A tiny Samoan airline has apparently begun charging fares based on a passenger’s weight, reports Patrick Smith in a provocative post on his “Ask The Pilot” blog today.
Smith explains why the practice makes sense for the Samoans (and why it’s extremely unlikely that any major airlines will follow suit). But his piece also underscores an inexorable trend: forcing the overweight and obese pay for their extra pounds.
…Americans are quite a bit larger than they used to be, and doesn’t that extra weight affect an airplane’s performance? Is it just a matter of time before passengers on United, Delta or American are asked to stand on a scale, like their suitcases, when checking in?
Well, no. It makes sense if, like Samoa Air, you’re a company operating light, ten-seat aircraft in a region with extremely high rates of obesity, but not if you’re a major carrier with a fleet of Boeings or Airbuses. There are some touchy social and civil liberty aspects that probably make the idea controversial, if not untenable, but let’s take a look at the practical side:
To begin with, passengers account for surprisingly small percentage of a plane’s overall weight. As a general rule, the larger the plane, the less of a factor it is. That sounds counterintuitive, but consider the example of a Boeing 747″>Boeing 747. A 747 typically seats around 420 people, and its maximum allowable takeoff weight is 875,000 pounds. Four hundred and twenty people * and * their carry-on luggage weigh in at just under 80,000 pounds. That’s less than ten percent — ten percent! — of the plane’s maximum heft. Most of what it weighs comes from the mass of the jet itself, plus the fuel load, which runs into the hundreds of thousands of pounds.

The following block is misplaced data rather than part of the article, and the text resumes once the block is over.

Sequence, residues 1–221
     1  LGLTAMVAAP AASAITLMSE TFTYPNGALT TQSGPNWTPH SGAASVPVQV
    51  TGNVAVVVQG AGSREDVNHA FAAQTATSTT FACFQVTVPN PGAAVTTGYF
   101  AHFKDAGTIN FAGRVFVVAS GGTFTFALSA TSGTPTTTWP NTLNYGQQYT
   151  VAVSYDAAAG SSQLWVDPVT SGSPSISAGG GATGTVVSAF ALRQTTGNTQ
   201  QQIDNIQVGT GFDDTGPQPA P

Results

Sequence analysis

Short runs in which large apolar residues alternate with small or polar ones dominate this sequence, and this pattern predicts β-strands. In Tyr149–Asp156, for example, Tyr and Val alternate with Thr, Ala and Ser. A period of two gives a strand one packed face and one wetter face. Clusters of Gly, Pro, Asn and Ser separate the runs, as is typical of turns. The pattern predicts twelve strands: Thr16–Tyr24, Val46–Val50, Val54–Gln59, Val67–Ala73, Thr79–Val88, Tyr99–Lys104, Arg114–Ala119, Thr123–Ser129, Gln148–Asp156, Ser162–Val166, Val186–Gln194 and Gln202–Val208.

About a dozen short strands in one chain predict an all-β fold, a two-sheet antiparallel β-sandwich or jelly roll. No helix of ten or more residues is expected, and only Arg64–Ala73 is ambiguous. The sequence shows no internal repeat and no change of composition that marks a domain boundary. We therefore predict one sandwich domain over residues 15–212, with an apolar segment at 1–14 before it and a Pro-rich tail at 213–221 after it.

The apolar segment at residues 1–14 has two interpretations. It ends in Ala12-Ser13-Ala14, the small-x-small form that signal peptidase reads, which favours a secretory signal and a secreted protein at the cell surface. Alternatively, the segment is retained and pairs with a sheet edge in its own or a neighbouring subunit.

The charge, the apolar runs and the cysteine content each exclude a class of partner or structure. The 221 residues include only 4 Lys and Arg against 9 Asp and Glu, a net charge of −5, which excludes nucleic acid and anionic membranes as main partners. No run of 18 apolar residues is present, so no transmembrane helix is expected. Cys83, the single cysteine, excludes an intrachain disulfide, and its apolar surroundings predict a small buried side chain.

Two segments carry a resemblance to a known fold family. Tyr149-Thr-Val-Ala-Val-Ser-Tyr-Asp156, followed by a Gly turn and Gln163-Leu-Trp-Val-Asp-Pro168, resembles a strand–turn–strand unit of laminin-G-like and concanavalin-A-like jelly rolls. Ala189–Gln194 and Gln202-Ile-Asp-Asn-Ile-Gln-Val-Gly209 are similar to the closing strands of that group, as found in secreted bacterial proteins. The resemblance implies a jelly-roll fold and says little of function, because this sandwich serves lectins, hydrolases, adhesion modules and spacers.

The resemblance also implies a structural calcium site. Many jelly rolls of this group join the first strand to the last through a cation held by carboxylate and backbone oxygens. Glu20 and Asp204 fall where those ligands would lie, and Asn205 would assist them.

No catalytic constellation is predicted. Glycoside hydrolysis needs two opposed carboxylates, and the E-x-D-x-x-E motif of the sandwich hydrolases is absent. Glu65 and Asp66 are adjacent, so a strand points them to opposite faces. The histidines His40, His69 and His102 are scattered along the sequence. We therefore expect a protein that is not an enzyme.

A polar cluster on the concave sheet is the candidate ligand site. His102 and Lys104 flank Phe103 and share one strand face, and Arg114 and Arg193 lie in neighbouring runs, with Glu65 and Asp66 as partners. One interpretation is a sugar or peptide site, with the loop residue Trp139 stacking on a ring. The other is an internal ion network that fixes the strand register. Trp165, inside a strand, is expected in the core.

So while it appears that obese people are, for now, paying the same fares as everyone else, they are paying more in other realms.
It’s not just obscure airlines.
WBUR’s On Point ran a segment today on the growing practice of big employers charging overweight and obese workers more to pay for their health insurance. “As health care and insurance costs rise, employers increasingly want to know your weight, your blood pressure, your glucose and cholesterol levels. Six in ten, according to one survey, say they plan to impose penalties on employees who don’t take action to improve their health. Does this sound fair? Inevitable? Wrong? Is this the way to health? To discrimination?”
This movement is not going away soon. Earlier this year, I wrote about a Mass. internist who no longer accepts new patients who are obese. Carey wrote about the ins and outs of workplace wellness programs — what they can and can’t do. It’s worth rereading if you’re wondering how far this all may go.